A recent article published in the Journal of Human Kinetics (Saavedra et al., 2013) was based on a flawed methodology when calculating the home advantage values in soccer leagues. This led to incorrect calculations, false conclusions and some misleading results about home advantage in 52 soccer leagues of UEFA countries over a 10 year period. The aim of this letter was to explain these flaws and to make sure future research would not be influenced by the subsequent results and conclusions that had been presented
The purpose of this study was to quantify the home advantage in both men’s and women’s First and Second Division water polo leagues, to compare the results obtained according to sex of participants and the level of competition, and to test for possible differences in home advantage when considering the interaction between these two factors. The sample comprised four seasons from 2007-2008 to 2010-2011 for a total of 1942 games analyzed. The results showed the existence of home advantage in both men’s and women’s First and Second Divisions. After controlling for the competitive balance of each league in each season, there was a significant difference between men’s and women’s leagues, with higher home advantage for men’s leagues (58.60% compared with 53.70% for women’s leagues). There was also a significant difference between the levels of competition, with greater home advantage for the Second Division (57.95% compared with 54.35% for First Division). No significant differences in home advantage were found when considering the interaction between sex of participants and the level of competition. The results in relation to sex of participants and the level of competition are consistent with previous studies in other sports such as football or handball.
The aim of the present study was to identify the importance of floorball tactical variables to predict ball possession effectiveness, when controlling quality of opposition and game periods. The sample was composed by 1500 ball possessions, corresponding to 14 games randomly selected from the International Championships played during 2008 and 2010 (World Championship, Four nations tournament and classificatory phases for World Championship) by teams from different competition levels (HIGH, INTERMEDIATE and LOW). The effects of the predictor variables on successful ball possessions according to the three game contexts (HIGH vs. HIGH; HIGH vs. LOW; LOW vs. LOW games) were analyzed using Binomial Logistic Regressions. The results showed no interaction with the game period. In HIGH vs. HIGH games, quality of opposition showed an association with ball possession effectiveness with ending zone, offensive system, possession duration, height of shooting and defensive pressures previous to the shot. In HIGH vs. LOW games the important factors were the starting zone, possession duration, defensive pressure previous to the last pass and to the shot, technique of shooting and the number players involved in each ball possession. Finally, in LOW vs. LOW games, the results emphasized the importance of starting and ending zones, the number of passes used and the technique of shooting. In conclusion, elite floorball performance is mainly affected by quality of opposition showing different game patterns in each context that should be considered by coaches when preparing practices and competitions.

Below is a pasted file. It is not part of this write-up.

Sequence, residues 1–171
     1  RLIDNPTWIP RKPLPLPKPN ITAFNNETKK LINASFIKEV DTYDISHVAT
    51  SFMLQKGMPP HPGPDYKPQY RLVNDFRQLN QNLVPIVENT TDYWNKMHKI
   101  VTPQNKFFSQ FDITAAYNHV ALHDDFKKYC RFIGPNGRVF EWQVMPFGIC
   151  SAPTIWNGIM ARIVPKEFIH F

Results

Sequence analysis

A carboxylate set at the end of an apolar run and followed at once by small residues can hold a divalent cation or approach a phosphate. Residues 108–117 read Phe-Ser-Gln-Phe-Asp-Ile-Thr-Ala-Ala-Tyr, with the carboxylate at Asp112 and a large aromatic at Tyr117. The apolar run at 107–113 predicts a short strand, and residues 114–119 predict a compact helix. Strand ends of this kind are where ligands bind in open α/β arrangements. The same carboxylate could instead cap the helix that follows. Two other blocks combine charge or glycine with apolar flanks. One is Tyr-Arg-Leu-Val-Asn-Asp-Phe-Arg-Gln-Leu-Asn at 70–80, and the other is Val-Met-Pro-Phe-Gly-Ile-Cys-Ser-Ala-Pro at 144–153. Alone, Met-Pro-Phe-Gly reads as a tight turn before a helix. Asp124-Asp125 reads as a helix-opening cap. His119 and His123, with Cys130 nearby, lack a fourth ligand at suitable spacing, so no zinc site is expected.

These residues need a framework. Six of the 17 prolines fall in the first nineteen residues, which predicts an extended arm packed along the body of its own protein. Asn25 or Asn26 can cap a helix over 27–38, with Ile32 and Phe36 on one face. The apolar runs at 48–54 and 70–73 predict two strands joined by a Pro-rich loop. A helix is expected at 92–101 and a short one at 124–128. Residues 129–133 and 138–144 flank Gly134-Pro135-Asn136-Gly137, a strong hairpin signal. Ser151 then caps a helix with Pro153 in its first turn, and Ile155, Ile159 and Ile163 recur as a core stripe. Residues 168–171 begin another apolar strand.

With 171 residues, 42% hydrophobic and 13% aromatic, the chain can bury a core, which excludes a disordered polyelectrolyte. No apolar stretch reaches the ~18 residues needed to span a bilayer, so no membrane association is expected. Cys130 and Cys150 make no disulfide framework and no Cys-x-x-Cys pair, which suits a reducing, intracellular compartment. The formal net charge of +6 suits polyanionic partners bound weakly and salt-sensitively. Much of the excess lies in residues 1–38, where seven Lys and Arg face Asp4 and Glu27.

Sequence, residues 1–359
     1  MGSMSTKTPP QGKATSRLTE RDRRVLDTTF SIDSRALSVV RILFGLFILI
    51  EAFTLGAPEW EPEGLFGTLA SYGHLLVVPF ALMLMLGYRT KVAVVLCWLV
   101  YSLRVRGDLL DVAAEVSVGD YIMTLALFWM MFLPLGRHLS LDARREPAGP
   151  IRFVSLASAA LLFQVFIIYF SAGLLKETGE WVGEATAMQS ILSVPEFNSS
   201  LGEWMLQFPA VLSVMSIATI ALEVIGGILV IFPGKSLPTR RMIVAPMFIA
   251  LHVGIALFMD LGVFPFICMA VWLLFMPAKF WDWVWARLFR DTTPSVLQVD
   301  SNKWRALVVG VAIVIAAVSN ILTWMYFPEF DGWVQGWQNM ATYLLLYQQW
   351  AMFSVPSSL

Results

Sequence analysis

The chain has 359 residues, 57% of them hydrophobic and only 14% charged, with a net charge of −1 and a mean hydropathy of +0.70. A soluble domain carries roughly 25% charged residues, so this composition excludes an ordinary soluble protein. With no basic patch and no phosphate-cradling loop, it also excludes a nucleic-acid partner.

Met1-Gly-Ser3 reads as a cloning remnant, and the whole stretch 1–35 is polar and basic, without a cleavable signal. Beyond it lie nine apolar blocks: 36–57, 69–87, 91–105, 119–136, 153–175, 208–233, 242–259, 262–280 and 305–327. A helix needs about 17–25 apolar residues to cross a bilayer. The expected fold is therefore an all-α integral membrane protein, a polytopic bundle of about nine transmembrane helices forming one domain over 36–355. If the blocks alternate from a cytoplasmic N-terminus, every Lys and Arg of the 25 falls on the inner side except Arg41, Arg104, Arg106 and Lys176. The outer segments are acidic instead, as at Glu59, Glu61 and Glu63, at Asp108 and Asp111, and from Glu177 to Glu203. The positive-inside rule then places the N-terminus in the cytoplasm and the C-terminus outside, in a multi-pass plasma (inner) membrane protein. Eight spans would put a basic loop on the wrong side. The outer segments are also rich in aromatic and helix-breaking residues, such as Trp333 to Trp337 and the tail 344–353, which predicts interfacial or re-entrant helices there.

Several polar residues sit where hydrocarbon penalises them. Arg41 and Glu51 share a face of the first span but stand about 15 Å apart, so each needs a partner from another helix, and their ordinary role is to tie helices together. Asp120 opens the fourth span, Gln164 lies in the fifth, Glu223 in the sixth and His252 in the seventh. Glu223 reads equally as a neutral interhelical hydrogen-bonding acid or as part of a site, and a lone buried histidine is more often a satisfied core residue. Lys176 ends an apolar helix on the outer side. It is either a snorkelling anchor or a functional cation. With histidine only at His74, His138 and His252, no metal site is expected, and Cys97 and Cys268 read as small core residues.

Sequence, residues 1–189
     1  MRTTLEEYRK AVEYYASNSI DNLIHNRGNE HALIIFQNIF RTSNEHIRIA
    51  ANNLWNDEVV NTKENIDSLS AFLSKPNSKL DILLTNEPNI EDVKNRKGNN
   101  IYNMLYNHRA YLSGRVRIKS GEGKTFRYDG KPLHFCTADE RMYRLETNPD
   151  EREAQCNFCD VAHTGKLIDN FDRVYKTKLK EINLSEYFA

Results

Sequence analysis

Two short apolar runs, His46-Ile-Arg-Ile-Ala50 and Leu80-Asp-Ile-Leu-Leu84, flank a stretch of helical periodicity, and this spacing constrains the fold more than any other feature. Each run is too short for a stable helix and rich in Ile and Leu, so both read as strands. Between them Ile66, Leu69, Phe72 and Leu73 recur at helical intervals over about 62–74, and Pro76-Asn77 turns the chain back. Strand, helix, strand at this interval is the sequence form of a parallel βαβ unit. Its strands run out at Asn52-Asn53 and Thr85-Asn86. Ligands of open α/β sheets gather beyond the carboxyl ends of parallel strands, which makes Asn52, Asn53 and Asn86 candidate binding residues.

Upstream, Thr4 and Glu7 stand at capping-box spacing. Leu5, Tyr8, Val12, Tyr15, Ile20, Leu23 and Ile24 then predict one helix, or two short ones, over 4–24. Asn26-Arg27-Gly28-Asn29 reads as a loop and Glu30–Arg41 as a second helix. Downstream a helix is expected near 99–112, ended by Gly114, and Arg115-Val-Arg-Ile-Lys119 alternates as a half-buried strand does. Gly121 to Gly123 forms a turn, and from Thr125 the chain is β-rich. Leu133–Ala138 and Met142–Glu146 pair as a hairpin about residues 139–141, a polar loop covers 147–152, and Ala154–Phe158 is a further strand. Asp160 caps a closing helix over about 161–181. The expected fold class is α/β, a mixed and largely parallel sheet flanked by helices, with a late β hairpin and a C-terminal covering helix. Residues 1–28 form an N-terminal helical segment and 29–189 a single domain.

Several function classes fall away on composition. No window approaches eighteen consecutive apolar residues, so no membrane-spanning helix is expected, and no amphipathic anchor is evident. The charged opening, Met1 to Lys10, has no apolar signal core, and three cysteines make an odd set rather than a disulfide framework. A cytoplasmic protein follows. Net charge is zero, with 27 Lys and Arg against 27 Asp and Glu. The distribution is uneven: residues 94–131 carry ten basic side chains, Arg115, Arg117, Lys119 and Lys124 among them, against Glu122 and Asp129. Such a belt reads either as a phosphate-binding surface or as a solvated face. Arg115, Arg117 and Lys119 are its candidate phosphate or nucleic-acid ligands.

It has been previously observed that basketball free-throw (FT) shooting efficiency decreases towards the end of the game. The aim of the current study was to explore possible determinants for this distinctive pattern during close games (point differential of equal or under 2 points during the final minute of the game). A sample of shots attempted by 92 players in the Spanish professional basketball league (ACB) was collected. Several personal (age, experience, playing position and career FT percentage) and contextual (team ability, competition stage, game location, seconds remaining and score differential) variables were considered for the analysis of the data. The effects of the predictor variables on the players’ performance were analyzed according to two game contexts (FT attempted during the final minute or the last pair of FTs) using binomial logistic regression analysis. The results showed that during the final minute the only statistically significant variable was being in the center playing position (OR = 1.58), which decreased the FT shooting percentage compared to forwards and guards. In addition, the results during the last pair of FTs showed that the playing position of guards (OR = 1.70) and centers (OR = 2.22) was significant (a decrease in their FT percentage). Conversely, the score differential when tied (OR = -1.17) or losing (OR = -2.43) was significant, reflecting a lower probability of missing the shot. The results were interpreted and discussed from the viewpoints of crisis theory and the literature on choking in athletic performance.